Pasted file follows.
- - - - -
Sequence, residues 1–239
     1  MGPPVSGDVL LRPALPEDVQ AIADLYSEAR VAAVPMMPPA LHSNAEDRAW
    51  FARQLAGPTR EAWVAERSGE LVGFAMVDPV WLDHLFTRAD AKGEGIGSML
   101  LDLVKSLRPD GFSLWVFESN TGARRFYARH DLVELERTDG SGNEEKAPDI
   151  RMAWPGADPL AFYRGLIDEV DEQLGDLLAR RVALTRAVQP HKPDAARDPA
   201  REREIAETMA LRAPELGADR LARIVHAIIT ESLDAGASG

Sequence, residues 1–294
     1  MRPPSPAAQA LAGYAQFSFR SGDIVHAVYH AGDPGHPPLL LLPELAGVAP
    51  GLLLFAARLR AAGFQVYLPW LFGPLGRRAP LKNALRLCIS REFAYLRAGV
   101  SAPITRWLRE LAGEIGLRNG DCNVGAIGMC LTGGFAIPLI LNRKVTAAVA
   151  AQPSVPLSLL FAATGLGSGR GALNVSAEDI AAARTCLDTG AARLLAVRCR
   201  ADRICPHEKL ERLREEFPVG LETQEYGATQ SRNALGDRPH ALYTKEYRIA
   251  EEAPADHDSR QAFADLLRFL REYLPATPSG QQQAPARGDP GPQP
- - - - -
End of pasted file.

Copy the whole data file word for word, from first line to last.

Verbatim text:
Sequence, residues 1–239
     1  MGPPVSGDVL LRPALPEDVQ AIADLYSEAR VAAVPMMPPA LHSNAEDRAW
    51  FARQLAGPTR EAWVAERSGE LVGFAMVDPV WLDHLFTRAD AKGEGIGSML
   101  LDLVKSLRPD GFSLWVFESN TGARRFYARH DLVELERTDG SGNEEKAPDI
   151  RMAWPGADPL AFYRGLIDEV DEQLGDLLAR RVALTRAVQP HKPDAARDPA
   201  REREIAETMA LRAPELGADR LARIVHAIIT ESLDAGASG

Sequence, residues 1–294
     1  MRPPSPAAQA LAGYAQFSFR SGDIVHAVYH AGDPGHPPLL LLPELAGVAP
    51  GLLLFAARLR AAGFQVYLPW LFGPLGRRAP LKNALRLCIS REFAYLRAGV
   101  SAPITRWLRE LAGEIGLRNG DCNVGAIGMC LTGGFAIPLI LNRKVTAAVA
   151  AQPSVPLSLL FAATGLGSGR GALNVSAEDI AAARTCLDTG AARLLAVRCR
   201  ADRICPHEKL ERLREEFPVG LETQEYGATQ SRNALGDRPH ALYTKEYRIA
   251  EEAPADHDSR QAFADLLRFL REYLPATPSG QQQAPARGDP GPQP